Lasers use coherent light waves: all the light in a laser vibrates completely synchronously. Meanwhile, quantum mechanics tells us that particles such as atoms should also be considered waves. As a result, we can build “atomic lasers” that contain coherent waves of matter. But can we make these waves of matter last so that they can be used in applications? In research published in Nature this week, a team of Amsterdam physicists shows that the answer to this question is affirmative.
Making bosons march synchronously
The concept underlying the atomic laser is the so-called Bose-Einstein Condensate, or BEC for short. Elemental particles occur in nature in two types: fermions and bosons. Fermions are particles like electrons and quarks – the building blocks of matter from which we are made. Bosons are very different in nature: they are not hard like fermions, but soft: they can move through each other without any problem, for example. The best-known example of a boson is the photon, which is the smallest possible amount of light. But matter particles can also combine to form bosons — in fact, whole atoms can behave just like particles of light. What makes bosons so special is that they can all be in the exact same state at the exact same time, or put in more technical terms, they can “condense” into a coherent wave. When this type of condensation occurs for particles of matter, physicists call the resulting substance a Bose-Einstein condensate.
In everyday life we are not at all familiar with these condensates. The reason: It’s very difficult to get atoms all to behave as one. The culprit destroying synchronicity is temperature – when a substance heats up, its constituent particles begin to wiggle around and make it virtually impossible for them to behave as one. Only at extremely low temperatures, about a millionth of a degree above absolute zero (about 273 degrees below zero on the Celsius scale), is there a chance for the coherent matter waves of a BEC to form.
A quarter of a century ago, the first Bose-Einstein condensates were created in physics labs. This opened up the possibility of building atomic lasers – devices that literally produce bundles of matter – but these devices were only able to function for a very short time. The lasers could produce pulses of matter waves, but after emitting such a pulse, a new BEC had to be created before the next pulse could be emitted. This was not bad for a first step towards an atomic laser. In fact, ordinary optical lasers were also made in a pulsed variant before physicists could create continuous lasers. But while developments for optical lasers had moved very quickly, with the first continuous laser being produced within six months of its pulsed counterpart, for atomic lasers the continuous version remained elusive for more than 25 years.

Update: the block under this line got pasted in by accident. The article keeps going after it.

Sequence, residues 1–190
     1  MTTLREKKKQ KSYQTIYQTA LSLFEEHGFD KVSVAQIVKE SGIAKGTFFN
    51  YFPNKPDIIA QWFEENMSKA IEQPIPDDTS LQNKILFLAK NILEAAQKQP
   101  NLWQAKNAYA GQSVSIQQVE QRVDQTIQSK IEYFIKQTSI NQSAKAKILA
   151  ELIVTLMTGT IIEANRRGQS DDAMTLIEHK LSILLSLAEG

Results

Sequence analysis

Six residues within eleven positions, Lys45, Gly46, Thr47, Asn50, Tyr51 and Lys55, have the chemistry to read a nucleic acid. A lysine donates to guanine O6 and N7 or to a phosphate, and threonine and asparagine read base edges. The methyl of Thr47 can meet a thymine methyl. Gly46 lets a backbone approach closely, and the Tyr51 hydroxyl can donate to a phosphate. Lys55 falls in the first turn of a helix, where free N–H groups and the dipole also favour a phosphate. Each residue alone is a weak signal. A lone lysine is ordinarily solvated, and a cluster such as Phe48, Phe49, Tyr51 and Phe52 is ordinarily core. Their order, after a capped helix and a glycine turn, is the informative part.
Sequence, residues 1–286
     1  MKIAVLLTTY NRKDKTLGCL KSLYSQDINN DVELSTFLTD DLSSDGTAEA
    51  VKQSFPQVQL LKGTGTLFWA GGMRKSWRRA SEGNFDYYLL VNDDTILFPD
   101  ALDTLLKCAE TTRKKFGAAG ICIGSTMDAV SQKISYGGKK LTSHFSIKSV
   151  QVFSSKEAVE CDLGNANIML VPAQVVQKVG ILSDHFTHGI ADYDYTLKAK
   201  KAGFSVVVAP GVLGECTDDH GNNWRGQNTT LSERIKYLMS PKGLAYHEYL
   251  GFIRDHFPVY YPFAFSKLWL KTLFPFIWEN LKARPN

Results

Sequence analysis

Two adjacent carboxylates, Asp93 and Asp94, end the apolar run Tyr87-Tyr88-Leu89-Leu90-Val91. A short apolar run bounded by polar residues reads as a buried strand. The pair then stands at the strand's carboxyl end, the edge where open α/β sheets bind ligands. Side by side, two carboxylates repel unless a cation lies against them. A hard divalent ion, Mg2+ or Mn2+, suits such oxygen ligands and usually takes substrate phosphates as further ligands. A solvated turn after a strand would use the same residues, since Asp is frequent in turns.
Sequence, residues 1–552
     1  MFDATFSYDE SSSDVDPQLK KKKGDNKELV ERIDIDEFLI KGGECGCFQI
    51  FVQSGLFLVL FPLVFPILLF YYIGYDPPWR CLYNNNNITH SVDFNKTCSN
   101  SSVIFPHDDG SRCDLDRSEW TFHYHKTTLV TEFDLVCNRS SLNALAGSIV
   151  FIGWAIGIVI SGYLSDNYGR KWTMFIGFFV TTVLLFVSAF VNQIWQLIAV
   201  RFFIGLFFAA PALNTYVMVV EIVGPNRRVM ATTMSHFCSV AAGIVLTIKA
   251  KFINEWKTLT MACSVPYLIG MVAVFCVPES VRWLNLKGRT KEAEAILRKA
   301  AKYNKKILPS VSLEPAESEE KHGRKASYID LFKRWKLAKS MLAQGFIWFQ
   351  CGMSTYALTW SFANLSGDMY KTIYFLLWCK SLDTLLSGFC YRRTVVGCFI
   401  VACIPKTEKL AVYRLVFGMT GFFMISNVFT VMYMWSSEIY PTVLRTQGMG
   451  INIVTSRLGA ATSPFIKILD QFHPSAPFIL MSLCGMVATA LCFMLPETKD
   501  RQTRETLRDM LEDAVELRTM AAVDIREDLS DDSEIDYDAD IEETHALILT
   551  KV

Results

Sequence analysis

It was clear what the problem was: BECs are very fragile and are quickly destroyed when light falls on them. Still, the presence of light is crucial in forming the condensate: to cool a substance to one millionth of a degree, you have to cool its atoms with laser light. As a result, BECs were limited to fleeting eruptions, with no way to sustain them coherently.
A Christmas present
A team of physicists from the University of Amsterdam has now managed to solve the difficult problem of creating a continuous Bose-Einstein condensate. Florian Schreck, the team leader, explains what the trick was. “In previous experiments, the gradual cooling of atoms was done all in one place. In our setup, we decided not to spread the cooling steps in time, but in space: we let the atoms move as they go through successive cooling steps. Ultracold atoms come into the heart of the experiment, where they can be used to form coherent waves of matter in a BEC, but while these atoms are being used, new atoms are already on the way to replenish the BEC. keep the process going — essentially forever.”
The idea behind it was relatively simple, but the execution was certainly not. Chun-Chia Chen, lead author of the publication in Naturerecalls: “As early as 2012, the team – then still in Innsbruck – realized a technique that allowed a BEC to be protected from laser cooling light, allowing for the first time laser cooling to the degenerate state needed for coherent waves. Although this is a crucial first step was on the way to the long-held challenge of building a continuous atomic laser, it was also clear that a special machine would be needed to move forward.When we moved to Amsterdam in 2013, we started with a leap of faith, borrowed money, an empty room and a team funded entirely by personal grants.Six years later, in the early hours of Christmas morning 2019, the experiment was finally about to work.We had the idea to add an extra laser beam to solve one last technical difficulty, and immediately every photo we took showed a BEC, the first continuous-wave BEC.”
After tackling the long-standing open problem of creating a continuous Bose-Einstein condensate, the researchers set their sights on the next goal: to use the laser to create a stable output beam of matter. Once their lasers can not only work forever, but also produce stable beams, nothing will stand in the way of technical applications and matter lasers can play as important a role in technology as regular lasers do today.
Laser cooling for quantum gases
Chun-Chia Chen et al, Continuous Bose-Einstein Condensation, Nature (2022). DOI: 10.1038/s41586-022-04731-z
Provided by University of Amsterdam
Quote: Physicists build an atomic laser that can stay on forever (2022, June 14) retrieved June 14, 2022 from https://phys.org/news/2022-06-physicists-atom-laser.html
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